Values of A Public Faith – Part 6

This is the sixth and final entry in a series of posts from Miroslav Volf, author of A Public Faith: How Followers of Christ Should Serve the Common Good, titled “Values of a Public Faith: A Contribution to a Conversation.”

Click here for the firstsecondthird, fourth, and fifth installments.

18. Public Role of Religion

Value: Every citizen, religious or not, Christian, Jew, or Muslim, has the right to bring his or her own perspectives on human flourishing and on the common good to bear on public life and to do so on equal terms with everyone else.

Rationale: “But seek the welfare of the city where I have sent you into exile, and pray to the LORD on its behalf, for in its welfare you will find your welfare” (Jer. 29:7). “In everything do to others as you would have them do to you; for this is the law and the prophets” (Matt. 7:12).

Debate: The debate should not be whether religious voices should be excluded. It should be about what kind of political arrangements will ensure the equal access of all to participation in the political process on equal terms and what might be the limits to legitimate pluralism.

Questions to Ask: Does the candidate support the participation of every person in public life, encouraging them to do so on the basis of their own specific motivations and reasons? Does the candidate seek to protect the voices of ordinary people from being drowned out by powerful interest groups (like lobbies and Super PACs)?

19. Truthfulness

Value: Those seeking public office should forswear spin and contempt, being truthful with the public and civil to one another. You can “advertise” but not fabricate; you can criticize but not disrespect.

Rationale: We should all “[speak] the truth in love” (Eph. 4:15) and seek to “honor everyone” (1 Pet. 2:17).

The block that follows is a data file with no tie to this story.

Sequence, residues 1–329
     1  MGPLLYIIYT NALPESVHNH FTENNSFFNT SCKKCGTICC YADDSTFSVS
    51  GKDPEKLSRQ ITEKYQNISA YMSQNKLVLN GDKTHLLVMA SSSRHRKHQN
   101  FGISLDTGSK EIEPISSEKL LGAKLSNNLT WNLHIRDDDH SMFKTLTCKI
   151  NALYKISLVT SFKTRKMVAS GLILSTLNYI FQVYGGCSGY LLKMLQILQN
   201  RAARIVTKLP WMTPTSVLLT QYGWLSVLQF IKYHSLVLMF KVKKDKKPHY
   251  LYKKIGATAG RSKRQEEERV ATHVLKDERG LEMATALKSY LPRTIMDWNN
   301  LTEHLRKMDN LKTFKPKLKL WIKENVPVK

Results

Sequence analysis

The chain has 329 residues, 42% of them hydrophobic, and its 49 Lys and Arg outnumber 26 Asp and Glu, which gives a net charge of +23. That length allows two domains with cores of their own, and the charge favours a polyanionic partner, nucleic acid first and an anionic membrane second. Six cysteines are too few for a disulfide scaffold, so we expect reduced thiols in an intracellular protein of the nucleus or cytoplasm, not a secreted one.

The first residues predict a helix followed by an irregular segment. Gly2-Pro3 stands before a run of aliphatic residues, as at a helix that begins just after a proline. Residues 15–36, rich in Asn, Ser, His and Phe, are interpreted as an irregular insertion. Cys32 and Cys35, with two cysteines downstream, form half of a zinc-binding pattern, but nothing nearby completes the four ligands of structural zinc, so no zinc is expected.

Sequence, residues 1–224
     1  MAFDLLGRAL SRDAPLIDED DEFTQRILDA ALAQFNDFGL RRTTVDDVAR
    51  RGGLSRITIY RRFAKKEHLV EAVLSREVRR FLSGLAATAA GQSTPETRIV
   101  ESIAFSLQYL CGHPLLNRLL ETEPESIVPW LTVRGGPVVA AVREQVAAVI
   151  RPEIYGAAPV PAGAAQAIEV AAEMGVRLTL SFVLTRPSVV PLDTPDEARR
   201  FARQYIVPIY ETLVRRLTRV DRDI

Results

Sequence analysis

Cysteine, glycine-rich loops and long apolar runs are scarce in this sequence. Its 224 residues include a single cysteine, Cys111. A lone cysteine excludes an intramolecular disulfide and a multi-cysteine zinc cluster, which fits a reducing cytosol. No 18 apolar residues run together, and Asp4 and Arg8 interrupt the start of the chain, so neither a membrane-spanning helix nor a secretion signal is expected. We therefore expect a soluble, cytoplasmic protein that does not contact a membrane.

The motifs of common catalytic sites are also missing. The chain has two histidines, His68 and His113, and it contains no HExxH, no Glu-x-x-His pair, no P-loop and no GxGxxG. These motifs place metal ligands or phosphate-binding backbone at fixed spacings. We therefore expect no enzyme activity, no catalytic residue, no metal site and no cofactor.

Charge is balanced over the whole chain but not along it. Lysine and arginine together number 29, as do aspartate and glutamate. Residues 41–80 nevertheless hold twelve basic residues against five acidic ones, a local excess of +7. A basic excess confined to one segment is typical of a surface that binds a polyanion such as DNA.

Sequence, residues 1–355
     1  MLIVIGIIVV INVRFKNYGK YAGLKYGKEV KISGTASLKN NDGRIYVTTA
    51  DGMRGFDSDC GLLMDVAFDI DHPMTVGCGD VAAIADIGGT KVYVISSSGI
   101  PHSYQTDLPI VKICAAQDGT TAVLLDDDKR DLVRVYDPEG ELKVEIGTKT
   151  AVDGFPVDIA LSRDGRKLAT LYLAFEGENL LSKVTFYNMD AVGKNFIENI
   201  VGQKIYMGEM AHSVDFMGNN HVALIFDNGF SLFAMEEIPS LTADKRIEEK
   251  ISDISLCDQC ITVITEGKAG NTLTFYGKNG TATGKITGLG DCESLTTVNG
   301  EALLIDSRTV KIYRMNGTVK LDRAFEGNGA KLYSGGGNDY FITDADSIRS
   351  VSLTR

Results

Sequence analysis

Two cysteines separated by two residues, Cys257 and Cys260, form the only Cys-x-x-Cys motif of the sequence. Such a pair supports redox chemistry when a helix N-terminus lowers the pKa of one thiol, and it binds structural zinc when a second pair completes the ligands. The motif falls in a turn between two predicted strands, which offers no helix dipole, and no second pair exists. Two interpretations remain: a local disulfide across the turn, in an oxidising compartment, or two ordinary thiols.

Debate: While the line between advertising and spinning is not always clear, the main debate should be about effective means to diminish the spin and contempt that have become part of our democratic system of elections.

Questions to Ask: Do the facts about the candidate’s own performance as well as those of their opponent match with the candidates’ words? Is the candidate attempting to correct rather than benefit from the spin that others, without his direct endorsement, do on his behalf?

20. Character

Value: Competence (technical expertise, including emotional intelligence), though essential, matters less than character because knowledge, though crucial, matters less than love.

Rationale: “If I . . . understand all mysteries and all knowledge . . . but do not have love, I am nothing” (1 Cor. 13:2).

Debate: The debate should be about what dimensions of character matter most and what blend of virtues and competencies is most needed at this time.

Questions to Ask: Whom does the candidate strive to be like? Whom does he most resemble in character? Will the fear of losing power corrupt him?

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Comments

  1. David Fraser says:

    Having read through all of this, I was very appreciative of the point of view and how the values were framed and then developed. What is striking in this is nothing about sexuality. In a day when the issue of same-sex marriage is a hot topic, when human trafficking is a multi-billion dollar industry, and when we have significant issues with sexual offenders and how to deal with them, I was disappointed that the values surrounding sexuality were ignored.